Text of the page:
Map of life expectancy at birth from Global Education Project.

Tuesday, April 28, 2009

Public Health in Perspective

One of the concerns of public health is indeed preparing for and responding to infectious disease outbreaks and epidemics. However, I fear that some of the leading voices for public health in the blogosphere have put far too much emphasis on this small slice of a big field and the result has been a huge missed opportunity to frame some strong progressive messages. Influenza control is a wonky issue that is pretty thin on political resonance compared to most of what public health is all about.

Public health is the endeavour -- more than a scientific discipline, or a profession, it's a unifying philosophy -- that treats human health at the level of populations rather than individuals. The latter is the province of medicine. Many people think that public health means "providing medical services to poor people." Not so. In fact, the intersection between medicine and public health is fairly narrow on both sides.

Until fairly recently, the most rigorous analysis showed that health care -- a mismomer, in my view -- made an almost undectable contribution to population health, particularly as measured by longevity but also in terms of disability and quality of life. More recent analyses give more credit to medical services, and it is also undoubtedly the case that immunization, which is a biomedical intervention, has made a huge contribution to human health and longevity, although it doesn't require a doctor or even a health care infrastructure per se to deliver. Nevertheless it remains true that the most important determinants of our health lie in the social order.

Those include the obvious. Rich people don't have to drink contaminated water, their kids don't go hungry, they don't have to live next to air polluting factories or highways, they don't do dangerous jobs, and so on. And they include the less obvious. There is an increment in health and longevity associated with social status that remains even after we control for every known factor we can think of. There's actually a cost of inequality within societies, independent of absolute deprivation. Even though poor people here in the U.S. have less material deprivation than poor people in poor countries, their relative health disadvantage is as great -- or even greater, compared to countries with less overall inequality.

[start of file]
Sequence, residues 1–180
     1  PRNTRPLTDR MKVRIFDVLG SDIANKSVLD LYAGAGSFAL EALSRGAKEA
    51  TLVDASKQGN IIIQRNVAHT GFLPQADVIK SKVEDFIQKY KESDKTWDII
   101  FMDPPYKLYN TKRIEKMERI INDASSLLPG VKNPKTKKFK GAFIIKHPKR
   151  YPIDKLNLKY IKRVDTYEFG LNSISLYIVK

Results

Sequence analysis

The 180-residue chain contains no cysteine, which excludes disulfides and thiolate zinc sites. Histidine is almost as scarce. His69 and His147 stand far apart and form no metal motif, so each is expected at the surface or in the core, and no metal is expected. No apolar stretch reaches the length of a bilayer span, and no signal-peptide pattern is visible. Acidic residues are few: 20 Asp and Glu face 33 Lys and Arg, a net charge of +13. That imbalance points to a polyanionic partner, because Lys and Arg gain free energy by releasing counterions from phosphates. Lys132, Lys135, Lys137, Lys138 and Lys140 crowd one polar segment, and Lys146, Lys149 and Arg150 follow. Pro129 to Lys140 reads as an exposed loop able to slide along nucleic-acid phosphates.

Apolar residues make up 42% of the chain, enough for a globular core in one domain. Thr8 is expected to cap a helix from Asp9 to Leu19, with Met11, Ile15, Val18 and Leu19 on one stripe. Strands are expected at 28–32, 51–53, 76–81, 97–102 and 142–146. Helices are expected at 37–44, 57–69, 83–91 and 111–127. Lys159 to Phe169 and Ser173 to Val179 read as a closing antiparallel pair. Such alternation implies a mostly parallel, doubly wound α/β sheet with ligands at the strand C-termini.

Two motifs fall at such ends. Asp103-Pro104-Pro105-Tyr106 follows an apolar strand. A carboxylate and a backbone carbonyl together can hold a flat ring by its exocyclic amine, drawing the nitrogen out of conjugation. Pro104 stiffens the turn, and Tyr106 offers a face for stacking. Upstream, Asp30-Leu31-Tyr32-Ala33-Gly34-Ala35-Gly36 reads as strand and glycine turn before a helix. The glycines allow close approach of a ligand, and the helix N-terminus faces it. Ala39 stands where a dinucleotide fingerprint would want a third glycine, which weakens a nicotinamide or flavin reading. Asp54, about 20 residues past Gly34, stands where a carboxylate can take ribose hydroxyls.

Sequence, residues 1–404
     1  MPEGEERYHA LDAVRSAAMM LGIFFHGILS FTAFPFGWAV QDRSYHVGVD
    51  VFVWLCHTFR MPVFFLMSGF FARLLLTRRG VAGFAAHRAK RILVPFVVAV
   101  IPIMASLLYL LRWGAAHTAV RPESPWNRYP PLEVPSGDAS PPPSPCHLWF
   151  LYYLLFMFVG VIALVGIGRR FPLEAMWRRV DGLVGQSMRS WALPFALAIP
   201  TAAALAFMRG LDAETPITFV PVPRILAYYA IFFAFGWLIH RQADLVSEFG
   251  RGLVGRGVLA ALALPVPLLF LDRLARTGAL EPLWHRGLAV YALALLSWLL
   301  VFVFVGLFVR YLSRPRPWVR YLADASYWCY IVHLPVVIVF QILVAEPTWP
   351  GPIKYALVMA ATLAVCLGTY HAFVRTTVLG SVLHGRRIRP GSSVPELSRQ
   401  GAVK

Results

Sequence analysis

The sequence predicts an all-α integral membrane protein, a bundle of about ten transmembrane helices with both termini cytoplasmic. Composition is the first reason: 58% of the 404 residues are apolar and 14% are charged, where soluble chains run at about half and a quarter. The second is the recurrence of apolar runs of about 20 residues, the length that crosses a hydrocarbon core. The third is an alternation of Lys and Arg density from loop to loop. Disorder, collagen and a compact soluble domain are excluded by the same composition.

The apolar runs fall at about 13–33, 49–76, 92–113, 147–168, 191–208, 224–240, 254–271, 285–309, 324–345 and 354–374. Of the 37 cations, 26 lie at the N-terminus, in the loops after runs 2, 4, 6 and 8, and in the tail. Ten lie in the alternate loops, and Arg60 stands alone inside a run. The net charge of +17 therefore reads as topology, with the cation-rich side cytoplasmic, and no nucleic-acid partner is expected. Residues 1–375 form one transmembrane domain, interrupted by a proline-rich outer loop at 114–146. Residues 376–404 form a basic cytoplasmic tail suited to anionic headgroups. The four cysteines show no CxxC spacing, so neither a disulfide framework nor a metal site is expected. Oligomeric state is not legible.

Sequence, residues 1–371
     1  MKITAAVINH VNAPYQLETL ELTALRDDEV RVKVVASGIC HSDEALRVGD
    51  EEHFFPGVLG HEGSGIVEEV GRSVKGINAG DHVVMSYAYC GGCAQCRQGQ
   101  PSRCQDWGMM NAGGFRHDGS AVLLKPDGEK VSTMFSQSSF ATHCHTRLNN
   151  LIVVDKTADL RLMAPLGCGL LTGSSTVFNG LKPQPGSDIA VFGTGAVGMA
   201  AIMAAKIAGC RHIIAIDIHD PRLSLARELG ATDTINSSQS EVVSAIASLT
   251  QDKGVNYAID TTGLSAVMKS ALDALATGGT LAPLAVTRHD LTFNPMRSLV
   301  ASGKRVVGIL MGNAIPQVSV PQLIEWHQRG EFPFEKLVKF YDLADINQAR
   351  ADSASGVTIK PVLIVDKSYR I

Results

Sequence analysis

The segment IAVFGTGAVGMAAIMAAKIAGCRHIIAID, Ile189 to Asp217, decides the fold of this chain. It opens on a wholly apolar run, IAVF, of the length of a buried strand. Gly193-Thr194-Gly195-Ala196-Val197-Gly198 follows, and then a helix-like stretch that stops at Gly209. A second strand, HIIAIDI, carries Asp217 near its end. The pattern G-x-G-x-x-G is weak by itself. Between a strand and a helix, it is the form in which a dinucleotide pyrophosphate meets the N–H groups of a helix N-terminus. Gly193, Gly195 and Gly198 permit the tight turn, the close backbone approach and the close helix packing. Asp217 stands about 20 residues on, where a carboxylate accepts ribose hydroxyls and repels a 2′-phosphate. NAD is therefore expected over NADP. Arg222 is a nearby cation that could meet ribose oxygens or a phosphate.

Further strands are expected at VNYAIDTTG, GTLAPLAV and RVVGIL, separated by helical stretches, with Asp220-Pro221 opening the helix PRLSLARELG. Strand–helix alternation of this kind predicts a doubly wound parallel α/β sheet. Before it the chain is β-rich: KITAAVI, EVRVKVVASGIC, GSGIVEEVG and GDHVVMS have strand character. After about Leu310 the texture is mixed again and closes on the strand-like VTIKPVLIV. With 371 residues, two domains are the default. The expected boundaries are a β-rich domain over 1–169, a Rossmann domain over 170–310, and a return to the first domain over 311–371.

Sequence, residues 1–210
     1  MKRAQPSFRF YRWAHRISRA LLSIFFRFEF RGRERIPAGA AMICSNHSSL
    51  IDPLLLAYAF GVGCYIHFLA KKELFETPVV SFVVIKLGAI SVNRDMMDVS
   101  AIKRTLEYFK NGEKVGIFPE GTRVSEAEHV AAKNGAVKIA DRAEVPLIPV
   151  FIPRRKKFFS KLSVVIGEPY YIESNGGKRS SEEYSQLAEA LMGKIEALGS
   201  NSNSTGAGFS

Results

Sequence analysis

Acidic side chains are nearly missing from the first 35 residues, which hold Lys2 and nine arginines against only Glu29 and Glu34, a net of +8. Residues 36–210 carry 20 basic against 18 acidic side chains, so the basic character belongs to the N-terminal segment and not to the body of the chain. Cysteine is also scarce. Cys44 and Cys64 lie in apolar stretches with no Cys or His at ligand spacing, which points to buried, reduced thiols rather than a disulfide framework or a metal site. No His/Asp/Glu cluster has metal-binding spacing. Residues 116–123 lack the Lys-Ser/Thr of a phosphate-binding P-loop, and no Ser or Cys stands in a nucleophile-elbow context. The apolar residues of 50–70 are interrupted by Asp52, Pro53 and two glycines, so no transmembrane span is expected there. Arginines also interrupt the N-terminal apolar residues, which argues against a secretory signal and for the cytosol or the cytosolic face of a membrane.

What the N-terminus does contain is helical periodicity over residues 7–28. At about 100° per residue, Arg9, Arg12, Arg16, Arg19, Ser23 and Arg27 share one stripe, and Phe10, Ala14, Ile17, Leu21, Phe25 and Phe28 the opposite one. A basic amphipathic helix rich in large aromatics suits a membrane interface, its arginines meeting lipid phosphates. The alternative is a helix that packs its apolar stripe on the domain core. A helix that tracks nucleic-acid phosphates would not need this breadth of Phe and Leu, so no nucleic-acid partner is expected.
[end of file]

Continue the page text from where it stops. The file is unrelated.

Poor people also do worse on those determinants of health that my libertarian visitors are inclined to assign to personal responsibility -- tobacco, obesity. But they forget that corporations have engaged in decades long marketing and disinformation campaigns to promote tobacco addiction and consumption of calorie-dense, low nutrition foods, in order to enrich their executives. Our agriculture policy subsidizes corn syrup, but not vegetables or even healthful whole grains. That's why bad foods are the cheapest. Our schools feed junk food to our kids, in part because corporations actually bribe them to do so. Poor kids in the city don't have the chance to engage in physical play because it isn't safe for them to go out. These are all political issues.

Health equity is potentially the new civil rights movement. Everybody has the right to a chance at a healthy life and a natural life span. Try arguing with that, Cato Institute. But the only way to get there is through a just society. By the time people bring their problems to the doctor, it's already too late.

Unfortunately, the public health content on Daily Kos and elsewhere is all about influenza epidemics and universal health care. If the absolute worst case scenario happens with this swine flu flapdoodle -- and I mean the worst, the absolute most improbable catastrophe anybody is imagining -- it will be completely over in less than a year. It will have caused some tens of millions of people to spend a miserable week wrapped up in the snuggy slurping chicken soup, and it might cause the premature death of a few tens of thousands of people. Hundreds of thousands? Doesn't look that way from anything I've seen so far, but let's stipulate it just for the sake of argument.

Well then, that's on the order of 10% of the little kids who will die this year from malnutrition and not having clean water. Which of those should be on the front page of Daily Kos?


Anonymous said...

Spot on post, thanks


C. Corax said...

That comparison is freakin' mind-boggling.